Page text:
A lush, green lawn can really transform your home. If you’re trying to grow grass for the first time on a plot of soil, or if you’re trying to improve what’s already in your yard, you need these helpful tips for maximizing grass growth.
Check Your Soil
All soil is not created equal. In order for grass to grow, it needs loose, nutritious soil that doesn’t hold too much water. You might be surprised at how rare it is to find all of these qualities in one’s yard. But there’s no need to worry– if your soil isn’t the best for growing grass, you can improve it quite easily. It may be as simple as applying an organic pre-fertilizer to your lawn, or you may need to bring in new soil. Whatever direction you take, it will be a worthwhile investment in the health of your yard.
Pick Fertilizer Carefully
If you’ve just planted your grass and have already prepared the soil with the needed organic materials mentioned above, you shouldn’t take off and start fertilizing it just yet. Some fertilizer products on the market can actually do more harm than good if they’re used too early. The high nitrogen concentrations can help weeds to take root, and since these plants grow faster than grass, they’ll choke it out before it even gets started. Instead, opt for starter fertilizers with lower amounts of nitrogen. These products help the grass to grow a strong support system of roots so that the plants don’t grow too quickly without laying down roots and exhaust the new ecosystem.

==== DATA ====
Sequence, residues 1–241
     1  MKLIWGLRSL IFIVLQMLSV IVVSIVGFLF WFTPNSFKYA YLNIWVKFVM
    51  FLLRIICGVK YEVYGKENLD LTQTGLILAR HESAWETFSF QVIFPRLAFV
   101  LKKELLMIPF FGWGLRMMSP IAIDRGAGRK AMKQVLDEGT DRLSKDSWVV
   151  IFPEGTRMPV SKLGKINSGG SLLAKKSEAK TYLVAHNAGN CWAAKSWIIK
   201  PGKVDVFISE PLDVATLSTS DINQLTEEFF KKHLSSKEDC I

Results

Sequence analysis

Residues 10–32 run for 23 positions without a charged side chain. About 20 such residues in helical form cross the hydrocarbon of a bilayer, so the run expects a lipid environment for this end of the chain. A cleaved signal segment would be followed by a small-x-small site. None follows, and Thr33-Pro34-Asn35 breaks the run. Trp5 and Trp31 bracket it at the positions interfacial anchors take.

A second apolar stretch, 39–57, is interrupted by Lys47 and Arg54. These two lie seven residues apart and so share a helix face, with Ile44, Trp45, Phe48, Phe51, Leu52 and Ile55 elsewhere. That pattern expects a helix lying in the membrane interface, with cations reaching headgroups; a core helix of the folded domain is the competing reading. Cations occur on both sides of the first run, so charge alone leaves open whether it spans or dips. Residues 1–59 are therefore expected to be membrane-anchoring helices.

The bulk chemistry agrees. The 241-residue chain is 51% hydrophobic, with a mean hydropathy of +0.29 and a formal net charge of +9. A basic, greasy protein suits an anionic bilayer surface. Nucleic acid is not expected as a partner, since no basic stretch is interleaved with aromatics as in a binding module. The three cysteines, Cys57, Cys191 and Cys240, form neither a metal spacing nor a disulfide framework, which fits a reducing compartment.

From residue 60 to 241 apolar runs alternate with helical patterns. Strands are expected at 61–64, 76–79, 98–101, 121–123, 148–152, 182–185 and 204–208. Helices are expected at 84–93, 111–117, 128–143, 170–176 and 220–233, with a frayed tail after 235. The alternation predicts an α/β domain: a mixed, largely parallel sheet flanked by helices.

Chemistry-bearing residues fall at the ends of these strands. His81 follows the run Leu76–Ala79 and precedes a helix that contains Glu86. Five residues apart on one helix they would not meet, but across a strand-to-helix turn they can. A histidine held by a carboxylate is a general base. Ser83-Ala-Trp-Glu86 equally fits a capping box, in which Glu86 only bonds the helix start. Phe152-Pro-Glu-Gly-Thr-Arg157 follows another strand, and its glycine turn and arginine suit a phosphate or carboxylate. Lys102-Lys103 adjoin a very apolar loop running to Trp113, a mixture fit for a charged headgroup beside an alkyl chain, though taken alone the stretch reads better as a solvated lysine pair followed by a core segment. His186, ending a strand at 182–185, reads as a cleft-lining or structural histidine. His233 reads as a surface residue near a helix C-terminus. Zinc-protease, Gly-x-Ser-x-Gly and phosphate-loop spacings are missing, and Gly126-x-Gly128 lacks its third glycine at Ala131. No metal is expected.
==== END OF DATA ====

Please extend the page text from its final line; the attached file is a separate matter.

Don’t rely on sprinkler systems to water your newly planted lawn– they are almost certain to miss some spots and overwater others. Grass seedlings require a significant amount of water in order to sprout, so you’ll need to be diligent about keeping them hydrated. You should keep the seeds moist, but not drowning, at all times. The best way to do this is to apply small amounts of water several times a day. Oncethe plants are growing, you can reduce watering to once a day, and as the fall approaches, begin to water even less.
If you’ve just planted grass seed, you should restrict all traffic across the area as much as possible. People can stress the area or trample weak seedlings, and pets may dig up the soil and scatter the seeds before they’ve even sprouted. If your family spends a lot of time on the lawn, you should plant hardy grass to help reduce the amount of wear over time.